Curriculum and instruction
Concerns about reading test scores are driving grants, legislation, and other efforts to improve classroom instruction.
There might be more attention on this year’s state tests, following the spotlight on last year’s dip in national test scores.
Critics worry the change could flood districts with unfounded complaints
As virtual tutoring struggles to reach students nationwide, education officials in the state said Paper had failed to get enough students help.
Cheriece White, an art and technology teacher at Metropolitan Soundview High School, shows her students how to create brands for the companies they dream up. White was a grand prize winner of the FLAG Award for Teaching Excellence.
Who better to demystify this often-feared subject than someone who knows what math anxiety feels like?
Chalkbeat Chicago spoke to three Illinois teachers about how they are teaching Black history to their students.
The seismic shift that made devices more accessible to students than ever before has now pushed some teachers to fold technology more often into their lesson plans.
Board’s academic committee considers ways to ease impact of reading law, including offering retests and eliminating time limits.
Less than 10% of students received any tutoring this fall in several large districts, according to an AP/Chalkbeat survey. In others, it was less than 1%.
Teachers’ personal libraries were not the law’s intent, says lawmaker
Gov. Phil Murphy and Newark leaders announced 26 schools in New Jersey will teach AP African American Studies next year.
Hundreds of NYC elementary schools used a Teachers College reading curriculum Banks said ‘has not worked’
Lucy Calkins wrote a popular reading curriculum used in hundreds of NYC elementary schools that encourages independent reading. But the model has come under fire from schools chancellor David Banks.
Q&A: For anti-bigotry group Facing History & Ourselves, Tyre Nichols’ death is another tragic teaching moment
Michele Phillips, a Memphis-based leader of the group, says ‘we’re sticking to our script’ on emphasizing lessons of history, but Tennessee law has had a ‘chilling effect’
New York City officials are launching a new effort to curb discrimination against the city’s oldest residents — by educating some of its youngest.
When the College Board released a final curriculum framework for AP African American Studies that removed much of the criticized content, some teachers feared the organization had caved to complaints.
Tutoring and preschool, not holding kids back, will help address Michigan’s literacy struggles, state superintendent tells lawmakers.
CUNY reached a major milestone in the fall, when the city’s university system phased out the last of its non-credit-bearing remedial classes at its community colleges.
Some districts have also moved to ban the artificial intelligence-powered program, while others are still evaluating its merits and risks.
If we let fear guide our thinking, we ignore the possibilities offered by AI.Ben Talsma writes.
The move from the nation’s largest school system could have ripple effects as districts and schools across the country grapple with how to respond to the arrival of the new technology.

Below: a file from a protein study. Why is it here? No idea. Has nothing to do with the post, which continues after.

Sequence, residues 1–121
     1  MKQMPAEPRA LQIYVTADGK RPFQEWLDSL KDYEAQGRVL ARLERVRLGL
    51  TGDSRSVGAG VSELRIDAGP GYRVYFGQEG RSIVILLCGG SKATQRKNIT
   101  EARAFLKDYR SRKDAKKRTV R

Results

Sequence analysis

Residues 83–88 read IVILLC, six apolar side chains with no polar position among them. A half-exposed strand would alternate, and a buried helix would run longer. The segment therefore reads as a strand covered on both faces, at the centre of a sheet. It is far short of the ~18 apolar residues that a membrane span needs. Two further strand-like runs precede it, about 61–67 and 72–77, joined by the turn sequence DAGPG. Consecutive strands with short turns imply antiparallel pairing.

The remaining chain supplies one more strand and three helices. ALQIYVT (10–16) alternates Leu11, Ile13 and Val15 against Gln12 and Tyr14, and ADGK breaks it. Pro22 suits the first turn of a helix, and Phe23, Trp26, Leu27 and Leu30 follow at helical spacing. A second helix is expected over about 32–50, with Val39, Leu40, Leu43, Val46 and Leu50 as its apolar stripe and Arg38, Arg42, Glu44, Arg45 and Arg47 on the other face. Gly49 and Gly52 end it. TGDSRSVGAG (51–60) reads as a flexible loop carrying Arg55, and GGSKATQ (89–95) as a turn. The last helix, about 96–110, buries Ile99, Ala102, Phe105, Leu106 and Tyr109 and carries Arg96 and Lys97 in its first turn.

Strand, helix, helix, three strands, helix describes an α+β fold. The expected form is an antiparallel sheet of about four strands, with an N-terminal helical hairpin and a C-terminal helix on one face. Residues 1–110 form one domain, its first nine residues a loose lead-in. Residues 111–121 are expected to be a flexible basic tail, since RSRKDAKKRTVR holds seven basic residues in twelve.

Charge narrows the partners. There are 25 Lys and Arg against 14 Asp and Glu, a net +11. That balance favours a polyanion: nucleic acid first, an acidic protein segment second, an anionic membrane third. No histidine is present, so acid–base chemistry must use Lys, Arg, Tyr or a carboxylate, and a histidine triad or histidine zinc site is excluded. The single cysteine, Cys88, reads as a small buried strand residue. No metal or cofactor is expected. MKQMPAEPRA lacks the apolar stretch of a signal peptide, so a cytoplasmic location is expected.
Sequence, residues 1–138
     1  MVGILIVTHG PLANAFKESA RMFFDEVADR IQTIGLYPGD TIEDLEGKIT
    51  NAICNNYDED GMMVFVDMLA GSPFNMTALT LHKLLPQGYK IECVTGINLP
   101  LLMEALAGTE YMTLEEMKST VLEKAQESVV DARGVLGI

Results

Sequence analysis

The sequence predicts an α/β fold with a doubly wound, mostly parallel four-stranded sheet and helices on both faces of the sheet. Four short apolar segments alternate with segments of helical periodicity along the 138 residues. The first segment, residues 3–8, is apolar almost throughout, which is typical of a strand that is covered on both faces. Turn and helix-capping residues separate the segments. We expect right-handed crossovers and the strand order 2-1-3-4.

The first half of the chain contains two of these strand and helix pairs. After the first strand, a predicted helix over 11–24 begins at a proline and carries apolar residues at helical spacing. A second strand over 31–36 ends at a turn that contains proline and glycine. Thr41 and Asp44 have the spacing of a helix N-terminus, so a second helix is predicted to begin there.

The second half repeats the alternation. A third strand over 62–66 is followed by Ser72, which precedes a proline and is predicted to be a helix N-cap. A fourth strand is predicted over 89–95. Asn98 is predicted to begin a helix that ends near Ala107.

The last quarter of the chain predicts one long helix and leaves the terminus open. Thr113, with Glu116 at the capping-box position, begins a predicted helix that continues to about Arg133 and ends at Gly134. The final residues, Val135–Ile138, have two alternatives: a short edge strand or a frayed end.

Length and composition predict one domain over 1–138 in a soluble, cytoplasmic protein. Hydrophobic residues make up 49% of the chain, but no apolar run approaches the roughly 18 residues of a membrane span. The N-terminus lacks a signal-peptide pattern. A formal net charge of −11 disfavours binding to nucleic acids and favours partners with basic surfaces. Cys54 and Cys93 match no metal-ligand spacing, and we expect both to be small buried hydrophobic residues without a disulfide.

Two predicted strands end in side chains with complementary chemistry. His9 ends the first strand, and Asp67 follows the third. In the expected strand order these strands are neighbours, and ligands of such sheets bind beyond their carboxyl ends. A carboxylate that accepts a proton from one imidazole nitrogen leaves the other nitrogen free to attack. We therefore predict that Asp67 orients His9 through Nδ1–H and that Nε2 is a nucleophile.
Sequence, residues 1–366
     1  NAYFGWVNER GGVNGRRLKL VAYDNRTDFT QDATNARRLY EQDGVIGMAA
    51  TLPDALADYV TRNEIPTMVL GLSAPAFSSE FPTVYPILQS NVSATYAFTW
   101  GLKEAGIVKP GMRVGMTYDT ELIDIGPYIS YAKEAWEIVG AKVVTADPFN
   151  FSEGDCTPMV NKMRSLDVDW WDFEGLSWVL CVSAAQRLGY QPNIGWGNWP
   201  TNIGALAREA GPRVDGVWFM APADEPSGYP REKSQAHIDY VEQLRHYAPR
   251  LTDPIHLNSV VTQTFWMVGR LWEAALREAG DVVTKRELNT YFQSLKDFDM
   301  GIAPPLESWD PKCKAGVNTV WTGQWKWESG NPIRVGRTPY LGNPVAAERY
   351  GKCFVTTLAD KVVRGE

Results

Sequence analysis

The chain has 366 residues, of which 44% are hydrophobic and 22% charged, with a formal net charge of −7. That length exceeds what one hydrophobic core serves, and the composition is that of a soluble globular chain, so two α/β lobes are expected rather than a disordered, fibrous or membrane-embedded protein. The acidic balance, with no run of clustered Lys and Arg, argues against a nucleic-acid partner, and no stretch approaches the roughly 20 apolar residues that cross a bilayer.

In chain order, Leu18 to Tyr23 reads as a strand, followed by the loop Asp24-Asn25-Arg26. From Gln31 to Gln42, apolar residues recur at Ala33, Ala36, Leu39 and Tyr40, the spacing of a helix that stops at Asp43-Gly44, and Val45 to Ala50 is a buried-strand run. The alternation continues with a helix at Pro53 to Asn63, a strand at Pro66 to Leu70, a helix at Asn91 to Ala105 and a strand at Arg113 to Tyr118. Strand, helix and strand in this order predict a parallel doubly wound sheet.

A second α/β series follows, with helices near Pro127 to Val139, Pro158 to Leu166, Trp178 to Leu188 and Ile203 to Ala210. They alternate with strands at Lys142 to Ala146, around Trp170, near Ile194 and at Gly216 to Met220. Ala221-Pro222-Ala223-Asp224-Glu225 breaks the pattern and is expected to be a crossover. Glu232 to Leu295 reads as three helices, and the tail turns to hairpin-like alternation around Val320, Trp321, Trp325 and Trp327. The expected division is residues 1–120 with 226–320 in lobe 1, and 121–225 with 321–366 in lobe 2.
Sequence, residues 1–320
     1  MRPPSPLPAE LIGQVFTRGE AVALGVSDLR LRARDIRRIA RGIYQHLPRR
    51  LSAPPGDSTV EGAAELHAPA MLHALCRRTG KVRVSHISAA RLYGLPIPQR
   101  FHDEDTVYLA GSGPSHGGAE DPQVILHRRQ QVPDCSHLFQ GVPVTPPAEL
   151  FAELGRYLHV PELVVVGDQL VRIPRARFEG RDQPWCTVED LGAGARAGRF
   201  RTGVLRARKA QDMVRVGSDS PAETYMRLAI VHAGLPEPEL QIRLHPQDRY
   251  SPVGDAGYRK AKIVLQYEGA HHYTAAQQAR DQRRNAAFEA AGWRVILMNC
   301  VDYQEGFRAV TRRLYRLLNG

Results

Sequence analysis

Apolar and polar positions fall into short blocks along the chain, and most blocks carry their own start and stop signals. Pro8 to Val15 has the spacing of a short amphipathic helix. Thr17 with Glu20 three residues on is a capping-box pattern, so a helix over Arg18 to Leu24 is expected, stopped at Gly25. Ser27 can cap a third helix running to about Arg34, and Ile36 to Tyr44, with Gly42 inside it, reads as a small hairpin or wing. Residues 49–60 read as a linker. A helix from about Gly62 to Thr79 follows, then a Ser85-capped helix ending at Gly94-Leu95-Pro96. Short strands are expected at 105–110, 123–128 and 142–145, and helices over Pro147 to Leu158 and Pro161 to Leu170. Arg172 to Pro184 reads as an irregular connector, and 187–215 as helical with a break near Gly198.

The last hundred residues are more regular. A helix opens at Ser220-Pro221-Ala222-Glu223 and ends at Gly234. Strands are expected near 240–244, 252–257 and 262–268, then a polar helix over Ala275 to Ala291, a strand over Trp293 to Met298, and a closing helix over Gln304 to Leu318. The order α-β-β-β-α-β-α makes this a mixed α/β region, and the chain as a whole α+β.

The experience made clear what Eric Gaestel needed from my next school — namely, a mentor.
The judge’s ruling only applies to the Rochester school district case, but some worry it could be used more broadly to shield the public from records produced by lower-level government employees.
Rikers fails to make the grade: Lockdowns and other restrictions stifle attendance at its East River Academy
Only about 46% of the roughly 200 students enrolled in East River were attending daily as of November, officials said.
Some discover too late that their school work didn’t count toward a diploma
Tennessee textbook panel says it’s ill-equipped for possible onslaught of appeals over library materials
New censorship law was essentially an unfunded mandate
Let go of your favorites: This educator urges critical thought about how books depict Native peoples
Dr. Debbie Reese is the founder of American Indians in Children’s Literature.
Half of NYC students are behind in reading. More than 800 CUNY tutors are trying to get them on track.
CUNY launched a high-dosage tutoring program that pairs hundreds of aspiring educators with first and second graders who are struggling to read.
Advocates and others say the city’s “Read by 4th” campaign and other efforts have built a strong foundation.
‘Reading is not a given’: literacy advocates continue to press for research-backed strategies to teach reading to students
Local and national reading advocates speak about the need to help students read by using evidence-based reading strategies to get students on track early.
If you value Chalkbeat, consider making a donation
Chalkbeat is a nonprofit newsroom dedicated to providing the information families and educators need, but this kind of work isn’t possible without your help.
Connect with your community
Find upcoming events
Today at [hour]:[minute][ampm] [timezone] [monthFull] [day] [monthFull] [day], [year]- Today at [hour]:[minute][ampm] [timezone] [monthFull] [day] [monthFull] [day], [year]- Today at [hour]:[minute][ampm] [timezone] [monthFull] [day] [monthFull] [day], [year]- Today at [hour]:[minute][ampm] [timezone] [monthFull] [day] [monthFull] [day], [year]- Today at [hour]:[minute][ampm] [timezone] [monthFull] [day] [monthFull] [day], [year]-